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Before them an old man, / wearing a fringe of long white hair, bareheaded, / his glabrous skull reflecting the sun's / light.... No question about it - the bald crown of an old man's head (as described here in William Carlos Williams's poem "Sunday in the Park") is "a surface without hairs." William's use isn't typical, though. More often "glabrous" appears in scientific contexts, such as the following description of wheat: "The white glumes are glabrous, with narrow acuminate beaks." And although Latin glaber, our word's source, can mean simply "bald," when "glabrous" refers to skin with no hair in scientific English, it usually means skin that never had hair (such as the palms of the hands).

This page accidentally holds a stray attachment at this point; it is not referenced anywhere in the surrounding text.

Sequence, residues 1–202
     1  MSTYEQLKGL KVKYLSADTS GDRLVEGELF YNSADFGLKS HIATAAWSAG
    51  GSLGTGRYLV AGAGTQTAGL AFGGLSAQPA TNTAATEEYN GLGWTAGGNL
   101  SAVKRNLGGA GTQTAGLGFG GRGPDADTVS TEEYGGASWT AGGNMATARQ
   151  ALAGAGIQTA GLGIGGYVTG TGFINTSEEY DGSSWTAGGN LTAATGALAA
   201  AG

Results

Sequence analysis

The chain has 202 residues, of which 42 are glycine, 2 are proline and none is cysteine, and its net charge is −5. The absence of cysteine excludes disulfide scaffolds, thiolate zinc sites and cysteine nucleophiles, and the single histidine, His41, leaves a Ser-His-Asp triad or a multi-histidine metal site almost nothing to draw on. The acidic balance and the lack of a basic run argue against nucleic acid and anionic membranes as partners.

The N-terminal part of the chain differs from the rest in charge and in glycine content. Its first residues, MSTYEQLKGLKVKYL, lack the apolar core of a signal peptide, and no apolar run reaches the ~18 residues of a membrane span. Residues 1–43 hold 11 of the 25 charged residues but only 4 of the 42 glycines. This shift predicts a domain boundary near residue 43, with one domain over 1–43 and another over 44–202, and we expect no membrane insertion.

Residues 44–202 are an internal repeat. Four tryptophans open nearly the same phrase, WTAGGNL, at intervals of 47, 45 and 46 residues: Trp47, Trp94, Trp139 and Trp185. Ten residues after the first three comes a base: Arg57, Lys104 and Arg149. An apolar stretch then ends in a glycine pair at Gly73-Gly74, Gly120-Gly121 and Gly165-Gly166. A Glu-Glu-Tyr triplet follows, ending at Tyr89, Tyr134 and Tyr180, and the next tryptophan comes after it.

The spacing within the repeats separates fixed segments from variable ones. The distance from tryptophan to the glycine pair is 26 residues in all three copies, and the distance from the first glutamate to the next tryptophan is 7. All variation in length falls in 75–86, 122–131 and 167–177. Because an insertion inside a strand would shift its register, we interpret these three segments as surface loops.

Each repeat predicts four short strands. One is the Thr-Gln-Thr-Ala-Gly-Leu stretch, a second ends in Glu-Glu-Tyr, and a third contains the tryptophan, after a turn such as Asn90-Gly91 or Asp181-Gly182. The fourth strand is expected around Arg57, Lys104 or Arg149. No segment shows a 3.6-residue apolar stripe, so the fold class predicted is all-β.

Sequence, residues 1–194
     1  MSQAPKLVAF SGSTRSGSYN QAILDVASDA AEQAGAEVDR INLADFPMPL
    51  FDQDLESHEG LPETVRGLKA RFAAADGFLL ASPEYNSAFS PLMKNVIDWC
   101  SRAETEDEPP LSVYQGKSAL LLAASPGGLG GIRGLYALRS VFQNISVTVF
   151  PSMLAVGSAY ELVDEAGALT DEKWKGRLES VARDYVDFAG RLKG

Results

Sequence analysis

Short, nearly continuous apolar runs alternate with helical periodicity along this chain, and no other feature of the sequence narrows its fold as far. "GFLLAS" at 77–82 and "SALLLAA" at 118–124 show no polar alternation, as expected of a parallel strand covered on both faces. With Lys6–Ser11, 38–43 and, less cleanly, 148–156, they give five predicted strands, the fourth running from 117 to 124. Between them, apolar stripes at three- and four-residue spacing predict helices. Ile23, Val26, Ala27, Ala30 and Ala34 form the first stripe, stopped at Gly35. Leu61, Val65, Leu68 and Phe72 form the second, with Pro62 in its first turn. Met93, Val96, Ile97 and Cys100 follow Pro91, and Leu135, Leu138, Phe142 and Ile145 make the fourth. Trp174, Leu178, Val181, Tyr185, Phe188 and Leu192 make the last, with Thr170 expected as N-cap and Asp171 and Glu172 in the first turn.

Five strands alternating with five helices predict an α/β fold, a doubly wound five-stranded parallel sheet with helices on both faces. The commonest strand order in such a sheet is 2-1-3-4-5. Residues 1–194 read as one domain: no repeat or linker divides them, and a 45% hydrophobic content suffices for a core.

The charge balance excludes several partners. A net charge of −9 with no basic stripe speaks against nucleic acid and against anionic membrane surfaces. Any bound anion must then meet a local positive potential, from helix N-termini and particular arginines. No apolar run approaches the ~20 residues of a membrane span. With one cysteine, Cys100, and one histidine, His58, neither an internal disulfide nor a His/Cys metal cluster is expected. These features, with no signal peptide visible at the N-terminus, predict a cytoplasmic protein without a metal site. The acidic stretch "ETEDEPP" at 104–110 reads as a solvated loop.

Origin and Etymology of glabrous
Latin glabr-, glaber smooth, bald — more at glad
First Known Use: 1640
Medical Definition of glabrous
: having or being a smooth even surface; specifically : having or being an epidermal covering that is totally or relatively devoid of hairs or down <glabrous skin>
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